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Time is ticking away on the final couple of episodes of The Ultimate Fighter: Team Edgar vs. Team Penn and this usually becomes the time where bad things start to happen.
Whether it's the days counting down until the fighters get to go home so the alcohol starts to flow a bit more freely or the competitors left in the tournament are trying to put in the work necessary to get them to the finale, these are always some of the most interesting times you'll witness on the reality show.
Last week's episode got the drinking out of the way, so this week the focus shifts to teammates Corey Anderson and Pat Walsh facing off in the light heavyweight division, with only one of the Team Edgar fighters moving onto the finals in Las Vegas.
The subject of teammate vs. teammate comes up often in MMA, and from an outsider's perspective it's hard to understand how two guys (or girls) who spar with each other several times a week couldn't try to get in the cage together and throw down with a lot of money or maybe even a title belt on the line. The upcoming episode of The Ultimate Fighter will give you a lot of insight into why teammates from major camps in the UFC rarely want to face each other.
Battle lines are drawn immediately as each fighter wants to get the work in necessary to prepare them while not giving away any secrets before the cage door closes. This affects the coaches as well, as they don't want to be seen choosing sides by working with one fighter over another as the fight draws near.
As teased at the tail end of last week's episode, Walsh decides to up the intensity of his workouts preparing for Anderson by defecting to Team Penn for a training session ahead of the semifinal fight. Now this may not seem like a big deal, but at the same time Walsh will be rolling with all of the fighters from Team Penn - maybe even Dan Spohn and Roger Zapata, who just happen to have fights remaining with two of his teammates from Team Edgar.
Needless to say, the coaches and fighters from Team Edgar don't take too kindly to Walsh's choice to train with Team Penn, and it's going to cause a major rift in team unity ahead of the semifinals. Can Walsh stay focused in the face of an entire team calling his loyalty into question? Do the Team Edgar fighters have a right to be upset considering the kind of knowledge Walsh can possibly hand over to Team Penn, even if it's by accident? How much do Matt Van Buren and Dhiego Lima hate hearing about this considering they have to face two Team Penn fighters in the other two fights to get to the finale?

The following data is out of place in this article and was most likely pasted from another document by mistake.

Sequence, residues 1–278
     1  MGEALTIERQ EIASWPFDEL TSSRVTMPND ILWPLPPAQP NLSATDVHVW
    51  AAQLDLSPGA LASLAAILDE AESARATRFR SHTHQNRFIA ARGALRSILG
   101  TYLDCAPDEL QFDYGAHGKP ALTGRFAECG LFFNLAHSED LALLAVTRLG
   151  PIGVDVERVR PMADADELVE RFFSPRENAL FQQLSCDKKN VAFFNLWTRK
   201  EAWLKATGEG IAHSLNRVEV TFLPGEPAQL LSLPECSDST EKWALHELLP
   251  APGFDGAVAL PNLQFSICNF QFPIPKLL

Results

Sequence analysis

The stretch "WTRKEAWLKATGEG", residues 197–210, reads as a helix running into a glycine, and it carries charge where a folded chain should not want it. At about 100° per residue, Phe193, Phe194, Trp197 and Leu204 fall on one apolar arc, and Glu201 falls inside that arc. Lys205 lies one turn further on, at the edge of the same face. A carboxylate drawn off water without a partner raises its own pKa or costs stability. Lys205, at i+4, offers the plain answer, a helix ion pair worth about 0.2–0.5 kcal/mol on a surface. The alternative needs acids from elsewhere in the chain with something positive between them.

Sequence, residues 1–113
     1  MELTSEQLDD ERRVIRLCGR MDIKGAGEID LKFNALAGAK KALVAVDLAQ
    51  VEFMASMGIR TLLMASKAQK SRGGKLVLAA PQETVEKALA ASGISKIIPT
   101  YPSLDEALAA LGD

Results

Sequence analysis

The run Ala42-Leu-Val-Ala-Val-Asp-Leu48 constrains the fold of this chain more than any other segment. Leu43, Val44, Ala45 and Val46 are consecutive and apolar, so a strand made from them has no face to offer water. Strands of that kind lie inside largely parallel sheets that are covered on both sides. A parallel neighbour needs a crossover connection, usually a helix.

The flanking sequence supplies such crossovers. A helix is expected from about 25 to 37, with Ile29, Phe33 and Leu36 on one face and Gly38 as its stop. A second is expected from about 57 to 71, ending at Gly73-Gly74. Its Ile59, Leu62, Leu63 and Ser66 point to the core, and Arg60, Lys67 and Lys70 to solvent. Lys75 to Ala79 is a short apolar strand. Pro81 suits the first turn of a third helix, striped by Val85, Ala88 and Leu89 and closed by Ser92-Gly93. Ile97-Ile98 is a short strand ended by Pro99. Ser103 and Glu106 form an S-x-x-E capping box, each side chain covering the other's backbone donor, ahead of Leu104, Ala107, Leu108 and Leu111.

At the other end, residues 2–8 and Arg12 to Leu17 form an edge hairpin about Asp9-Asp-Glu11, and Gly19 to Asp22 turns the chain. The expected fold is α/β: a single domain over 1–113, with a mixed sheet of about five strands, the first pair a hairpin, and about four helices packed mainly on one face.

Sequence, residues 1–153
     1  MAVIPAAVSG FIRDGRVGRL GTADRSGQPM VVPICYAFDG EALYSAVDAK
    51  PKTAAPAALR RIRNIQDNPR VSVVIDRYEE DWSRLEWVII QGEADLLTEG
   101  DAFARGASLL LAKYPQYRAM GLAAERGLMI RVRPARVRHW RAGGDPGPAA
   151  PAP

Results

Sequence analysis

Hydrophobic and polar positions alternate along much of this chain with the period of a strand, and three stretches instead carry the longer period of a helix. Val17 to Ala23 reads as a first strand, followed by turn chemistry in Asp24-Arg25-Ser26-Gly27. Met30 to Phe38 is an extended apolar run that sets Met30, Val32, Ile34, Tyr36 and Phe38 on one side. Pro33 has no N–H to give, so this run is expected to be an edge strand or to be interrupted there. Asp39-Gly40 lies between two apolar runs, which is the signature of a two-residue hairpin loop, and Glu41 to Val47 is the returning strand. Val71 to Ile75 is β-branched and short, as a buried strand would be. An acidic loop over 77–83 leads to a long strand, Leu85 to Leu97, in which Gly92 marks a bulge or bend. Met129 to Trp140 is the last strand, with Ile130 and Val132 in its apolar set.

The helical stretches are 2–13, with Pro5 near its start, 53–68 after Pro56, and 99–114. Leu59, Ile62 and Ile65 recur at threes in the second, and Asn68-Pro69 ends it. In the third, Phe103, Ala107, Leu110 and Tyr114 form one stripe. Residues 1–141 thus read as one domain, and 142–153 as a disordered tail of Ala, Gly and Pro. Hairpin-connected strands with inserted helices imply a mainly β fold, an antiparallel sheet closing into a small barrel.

Tensions and tempers run high, and seeing the fallout from this situation is definitely must see TV.
When it comes to the fight itself, Walsh and Anderson are two eerily similar fighters when it comes to their in-cage performances, with both hailing from a wrestling backgrounds while throwing heavy hands whenever the situation calls for it.
Walsh is a former Ohio State Buckeye, which means he's been grinding against some of the very best wrestlers in the country while competing in the Big 10 with teams like Penn State and Minnesota sending multiple wrestlers to the NCAA finals seemingly every year. While Walsh was never a finalist or even an All-American, that doesn't take away from the kind of work he put in on a daily basis going against some of the best wrestlers in the country from one of the deepest divisions in the sport.
He's also very capable ofabsorbing punishment and then doling it back out as the rounds wear on, as witnessed in his comeback performance to beat Team Penn's Anton Berzin in the quarterfinal matchups earlier this season. Walsh gave up a takedown and his back for a big chunk of the first round against a guy known for submissions, but after weathering the early storm, the New England-area fighter battled back and ended up stealing the final two rounds to get the decision win. Toughness and endurance are two of Walsh's biggest weapons, and that could bode well for him in what's already scheduled to be a three-round fight against Anderson.
Meanwhile, Anderson is still a bit of raw clay just waiting to be molded into a potential UFC champion one day. His wrestling is on point, and while he didn't compete at a Division I school like Walsh, Anderson's style of grappling may actually be better suited for the Octagon. Anderson has a powerful double leg takedown, which he combines with a slick single leg takedown as well that he uses quite often after setting up his punches. With his wrestling background it's easy to peg Anderson as a grapple-first fighter, but that's not necessarily the case.
Anderson has a stiff jab with a long reach that he can use to pot shot his opponents, and he's got a 1-2, left-right combination that is not only deceptive but sets up his wrestling perfectly when he throws everything together and stirs it up.
Based on past performances and the potential for future greatness, Anderson would seem to have a leg up on his Team Edgar teammate, but then again, Walsh is a fighter that won't go away after the first round or the second round, even if he loses both in a one-sided fashion. If Anderson keeps the pressure up and maintains good conditioning, he should punch his ticket to the finale, but leaving even the slightest opening as the rounds wear on will give Walsh the only incentive he needs to hit the afterburners and go for the finish.
It's teammate vs. teammate on The Ultimate Fighter: Team Edgar vs. Team Penn, but only one can survive and move on to the finale. Tune into FOX Sports 1 this Wednesday night at 10p ET to find out which fighter becomes the first competitor to nab a place in the light heavyweight finals in Las Vegas.